This Sunday, I plan to preach on the following passage:
28 “Come to me, all you that are weary and are carrying heavy burdens, and I will give you rest. 29 Take my yoke upon you, and learn from me; for I am gentle and humble in heart, and you will find rest for your souls. 30 For my yoke is easy, and my burden is light.” — Matthew 11:28-30 (NRSV)
Here’s my question for you: what’s keeping you from coming to Jesus? What’s stopping you from taking the next step in your faith journey? What’s holding you back? Anything answers shared in the sermon will be shared anonymously.
Is Jesus the only way to Salvation? What about people of other faiths and those of no faith at all? Those are questions I plan to talk about in my sermon this coming Sunday (May 10, 2020). Find out how to watch or listen here: abilenefirstumc.org/live/.
This Sunday I’ll be preaching on Matthew 5:13-20, focusing on 17-20. This is the scripture reading that I polled you about earlier on in the week. I started this sermon without knowing where I was going to end up. It has not been an easy journey, but I’m happy with the destination. I feel the Spirit has been with me and I look forward to sharing what I’ve learned with you.
These two verses are in next week’s lectionary reading from the Gospel of Matthew:
17 “Do not think that I have come to abolish the law or the prophets; I have come not to abolish but to fulfill. 18 For truly I tell you, until heaven and earth pass away, not one letter, not one stroke of a letter, will pass from the law until all is accomplished.” (Matthew 5:17-18, NRSV)
These verses have long puzzled me. I’ve long gotten hung up on them. Have you ever wondered what they meant? Would you like them addressed in a sermon? Let me know at email@example.com.
This coming Sunday (February 2, 2020), I’ll be preaching on Micah 6:1-8. If that passage sounds familiar, it’s probably because Micah 6:8 is on the back of our church t-shirts. You’re invited to wear your t-shirt if you are so inclined.
This Sunday, I’ll be preaching on Isaiah 65:17-25. The passage was addressed to Israel at a time when things had not turned out quite the way they had hoped. I’m looking for examples of times in your life when things did not go the way you had hoped/expected/planned. Drop me a line at firstname.lastname@example.org.
To follow up on my previous post: 1. The working sermon title is “Stranger Things, Personal Responsibility, and the Holy Spirit.” 2. You won’t need to have watched “Stranger Things” to follow the sermon. At most, the example is simply a way for people who didn’t live through the 80’s to relate. 3. I don’t think there’s any danger that I’ll reveal any spoilers.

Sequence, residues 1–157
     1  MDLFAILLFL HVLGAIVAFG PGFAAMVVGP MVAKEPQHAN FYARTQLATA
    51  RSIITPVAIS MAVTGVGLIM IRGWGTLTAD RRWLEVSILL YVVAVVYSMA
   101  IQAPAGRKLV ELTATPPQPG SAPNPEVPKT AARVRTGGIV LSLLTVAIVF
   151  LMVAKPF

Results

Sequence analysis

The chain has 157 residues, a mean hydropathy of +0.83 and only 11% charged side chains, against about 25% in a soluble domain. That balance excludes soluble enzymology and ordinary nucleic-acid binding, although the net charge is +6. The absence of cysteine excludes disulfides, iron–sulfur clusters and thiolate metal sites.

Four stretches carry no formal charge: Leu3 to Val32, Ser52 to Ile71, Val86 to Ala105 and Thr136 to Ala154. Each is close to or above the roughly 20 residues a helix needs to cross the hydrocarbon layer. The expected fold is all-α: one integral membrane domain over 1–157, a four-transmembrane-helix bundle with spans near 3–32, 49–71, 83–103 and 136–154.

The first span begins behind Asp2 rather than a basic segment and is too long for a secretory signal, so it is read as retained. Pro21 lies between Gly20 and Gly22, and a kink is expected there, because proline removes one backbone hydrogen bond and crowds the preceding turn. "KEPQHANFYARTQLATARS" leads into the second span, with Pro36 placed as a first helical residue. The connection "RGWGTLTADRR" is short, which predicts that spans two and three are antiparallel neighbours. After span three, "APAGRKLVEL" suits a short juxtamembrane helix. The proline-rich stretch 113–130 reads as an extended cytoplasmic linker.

I’m working on a sermon on Philippians 2:1-13 for this coming Sunday and I’m considering a reference to “Stranger Things 2” on Netflix. That leads me to a question: how many of you have watched the series?
I plan to preach on Luke 10:25-37 (the parable of the good Samaritan). In my reading to prepare for the sermon, I just learned something new—one can never exhaust the depths of the scriptures, even the best-known scriptures —and I’m looking forward to sharing it with you. It’s a reminder that the surprising thing is not that Jesus was crucified, but that it didn’t happen sooner.
One of the lectionary Bible commentaries I consult, The Lector’s Guide and Commentary has a pronunciation guide for every lectionary reading. Here are the words for Genesis 15:1-12, 17-18:
Ur (ER) 
I imagine it’s very helpful to some, but I just found it hilarious that the second to last one was listed and thought I would share.
 J. Ted Blakley, A Lector’s Guide and Commentary to the Revised Common Lectionary (Wichita, Kansas: St. Mark’s Press, 2010), 105.
Tomorrow I’ll be preaching on Philippians 4:4-7 in which Paul writes “Do not worry about anything.” I’ve long been annoyed/irritated/angered/frustrated by this passage and so I’m going to try and work it all out tomorrow.
Tomorrow, Sunday, November 11, 2018, I’ll be preaching on Ruth 2:1-16. I’m trying something different, I plan to look at Boaz, Ruth, and Naomi and see what we can glean about living with khesed (which I’ll explain tomorrow) in our time from their ancient examples.